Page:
Jon Meacham, author of the new book “Thomas Jefferson: The Art of Power,” and I are on the same page when it comes to the use of soft executive power. In an opinion piece for the New York Times today, the historian argues that President Obama should emulate his 19th-century predecessor by socializing with Congress.
“Here is a modest proposal, one drawn from the presidency of another tall, cool, cerebral politician-writer: use the White House and the president’s personal company to attempt to weave attachments and increase a sense of common purpose in the capital,” Meacham writes. “Dinners with the president — or breakfast or lunch or coffee or drinks or golf — won’t create a glorious bipartisan Valhalla, but history suggests that at least one of our greatest presidents mastered the means of entertaining to political effect.”
Meacham is right. Obama needs to step up his game on this front. As I noted earlier this month, the president is not a fan of the theater of politics. He’s about getting things done. And there’s no better way to help move things along than sharing the trappings of power.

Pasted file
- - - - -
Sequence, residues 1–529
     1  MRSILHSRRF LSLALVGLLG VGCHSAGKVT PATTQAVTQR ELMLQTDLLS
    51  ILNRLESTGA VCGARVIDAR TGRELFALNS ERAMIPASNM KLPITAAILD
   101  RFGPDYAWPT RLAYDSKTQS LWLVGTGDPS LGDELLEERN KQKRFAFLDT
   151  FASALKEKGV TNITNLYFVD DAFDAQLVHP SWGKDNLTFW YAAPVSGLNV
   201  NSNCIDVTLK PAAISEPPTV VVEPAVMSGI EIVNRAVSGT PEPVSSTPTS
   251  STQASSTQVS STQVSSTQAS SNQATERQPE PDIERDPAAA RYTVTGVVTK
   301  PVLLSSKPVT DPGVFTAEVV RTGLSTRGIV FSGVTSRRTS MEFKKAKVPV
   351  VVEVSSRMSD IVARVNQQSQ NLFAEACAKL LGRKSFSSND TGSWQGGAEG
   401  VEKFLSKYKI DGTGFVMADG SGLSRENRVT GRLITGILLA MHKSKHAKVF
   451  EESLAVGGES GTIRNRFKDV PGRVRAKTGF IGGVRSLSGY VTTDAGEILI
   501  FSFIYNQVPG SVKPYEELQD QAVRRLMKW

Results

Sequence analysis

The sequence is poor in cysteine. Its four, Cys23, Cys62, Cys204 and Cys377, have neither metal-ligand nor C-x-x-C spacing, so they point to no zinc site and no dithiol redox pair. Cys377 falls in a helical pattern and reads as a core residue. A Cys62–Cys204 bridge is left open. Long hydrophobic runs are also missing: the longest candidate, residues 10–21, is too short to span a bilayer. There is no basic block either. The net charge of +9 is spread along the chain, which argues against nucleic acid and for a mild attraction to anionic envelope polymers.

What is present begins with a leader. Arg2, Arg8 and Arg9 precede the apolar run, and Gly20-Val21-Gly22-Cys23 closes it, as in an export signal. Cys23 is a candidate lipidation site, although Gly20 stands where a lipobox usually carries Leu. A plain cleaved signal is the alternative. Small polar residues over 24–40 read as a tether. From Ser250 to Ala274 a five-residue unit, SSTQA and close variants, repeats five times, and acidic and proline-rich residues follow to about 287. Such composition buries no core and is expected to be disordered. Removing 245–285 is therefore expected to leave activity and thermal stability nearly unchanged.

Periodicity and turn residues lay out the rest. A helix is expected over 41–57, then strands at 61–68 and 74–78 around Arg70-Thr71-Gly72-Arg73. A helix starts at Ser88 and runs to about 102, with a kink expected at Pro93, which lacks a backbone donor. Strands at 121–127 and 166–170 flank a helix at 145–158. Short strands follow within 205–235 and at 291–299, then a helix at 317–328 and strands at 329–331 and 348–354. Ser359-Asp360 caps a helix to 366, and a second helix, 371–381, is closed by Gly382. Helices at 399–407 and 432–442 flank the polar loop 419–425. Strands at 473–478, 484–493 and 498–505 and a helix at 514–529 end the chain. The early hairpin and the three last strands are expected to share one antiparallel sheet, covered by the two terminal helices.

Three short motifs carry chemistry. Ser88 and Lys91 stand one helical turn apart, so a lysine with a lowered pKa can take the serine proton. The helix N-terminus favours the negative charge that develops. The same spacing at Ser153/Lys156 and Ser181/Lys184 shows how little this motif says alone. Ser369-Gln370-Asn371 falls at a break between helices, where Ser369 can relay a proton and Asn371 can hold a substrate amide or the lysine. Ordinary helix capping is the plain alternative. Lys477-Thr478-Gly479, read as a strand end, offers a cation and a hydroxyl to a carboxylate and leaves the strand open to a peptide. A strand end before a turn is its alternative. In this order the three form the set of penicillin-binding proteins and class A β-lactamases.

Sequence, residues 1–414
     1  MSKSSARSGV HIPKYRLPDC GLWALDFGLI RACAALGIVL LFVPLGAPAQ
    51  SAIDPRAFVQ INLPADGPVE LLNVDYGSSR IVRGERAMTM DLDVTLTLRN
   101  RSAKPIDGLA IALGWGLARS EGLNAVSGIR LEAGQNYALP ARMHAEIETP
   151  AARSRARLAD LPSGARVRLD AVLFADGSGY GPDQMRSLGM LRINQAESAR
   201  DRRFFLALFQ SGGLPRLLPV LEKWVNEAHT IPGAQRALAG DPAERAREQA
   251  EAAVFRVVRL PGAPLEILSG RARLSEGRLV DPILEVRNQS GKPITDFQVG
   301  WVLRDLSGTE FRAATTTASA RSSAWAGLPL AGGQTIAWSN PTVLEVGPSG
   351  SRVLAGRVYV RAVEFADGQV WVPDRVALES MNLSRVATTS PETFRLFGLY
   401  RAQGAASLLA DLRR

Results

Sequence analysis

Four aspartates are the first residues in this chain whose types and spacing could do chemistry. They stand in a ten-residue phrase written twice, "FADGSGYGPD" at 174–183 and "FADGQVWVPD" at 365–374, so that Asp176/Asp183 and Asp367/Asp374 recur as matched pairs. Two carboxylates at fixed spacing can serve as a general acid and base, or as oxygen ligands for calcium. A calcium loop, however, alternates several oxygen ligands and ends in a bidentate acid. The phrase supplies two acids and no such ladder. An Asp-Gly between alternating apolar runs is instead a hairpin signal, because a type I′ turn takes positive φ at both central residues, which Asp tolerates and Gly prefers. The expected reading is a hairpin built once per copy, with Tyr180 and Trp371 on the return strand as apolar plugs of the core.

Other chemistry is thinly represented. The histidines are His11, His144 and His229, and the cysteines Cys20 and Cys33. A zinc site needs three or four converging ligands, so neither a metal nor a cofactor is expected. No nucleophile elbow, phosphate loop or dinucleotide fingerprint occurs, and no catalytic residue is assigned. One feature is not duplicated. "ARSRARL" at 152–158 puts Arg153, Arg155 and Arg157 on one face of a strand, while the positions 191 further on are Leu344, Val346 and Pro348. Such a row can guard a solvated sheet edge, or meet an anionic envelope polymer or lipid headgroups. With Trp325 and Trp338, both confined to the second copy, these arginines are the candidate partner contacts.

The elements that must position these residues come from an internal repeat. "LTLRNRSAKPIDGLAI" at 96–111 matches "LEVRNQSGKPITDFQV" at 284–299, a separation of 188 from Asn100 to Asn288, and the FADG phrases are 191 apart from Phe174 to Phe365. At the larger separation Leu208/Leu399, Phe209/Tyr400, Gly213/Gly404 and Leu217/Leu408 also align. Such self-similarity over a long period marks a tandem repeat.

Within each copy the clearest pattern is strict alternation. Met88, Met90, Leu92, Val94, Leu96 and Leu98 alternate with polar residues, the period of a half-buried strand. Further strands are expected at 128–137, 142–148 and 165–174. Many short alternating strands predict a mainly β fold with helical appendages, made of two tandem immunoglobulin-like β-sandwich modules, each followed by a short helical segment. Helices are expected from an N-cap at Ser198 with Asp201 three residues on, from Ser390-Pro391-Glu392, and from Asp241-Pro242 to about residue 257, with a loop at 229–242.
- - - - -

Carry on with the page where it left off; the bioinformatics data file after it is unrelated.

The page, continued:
We saw how Obama’s attentiveness to New Jersey Gov. Chris Christie (R) during and after Hurricane Sandy turned a vocal critic’s roars in the final stretch of a presidential campaign into purrs. A ride on Marine One to survey the damage didn’t hurt either. This got me to thinking about other things big and small Obama could do to help his cause.
Meacham focuses on meals, Jefferson’s preferred political tool. I’m all for using a dining table as a town square to talk, build or strengthen bonds and achieve goals. But Obama would rather spend time with his family than socialize with Congress. So here are some other things he could do.
Everyone likes M&Ms. But M&Ms in a little box with the presidential seal? That’s a keepsake. And they’re all over the White House. Obama could send some to members with a little note to commemorate something special to them or just to be nice.
Speaking of boxes, the presidential box at the Kennedy Center sports some mighty fine center seats. Obama should share access to the swank cultural perch. Folks crane their necks to see who has the honor of sitting there. Members of Congress, preeners all, would bask in the attention.
And the president ought to give more members of Congress the same thrill he gave Christie. Rides on Air Force One, Marine One or in “The Beast” could be reserved for extra arm-twisting or an expression of thanks. That such gestures have not always succeeded for Obama should not be an impediment to doing more. His second term and his legacy may very well depend on such simple gestures.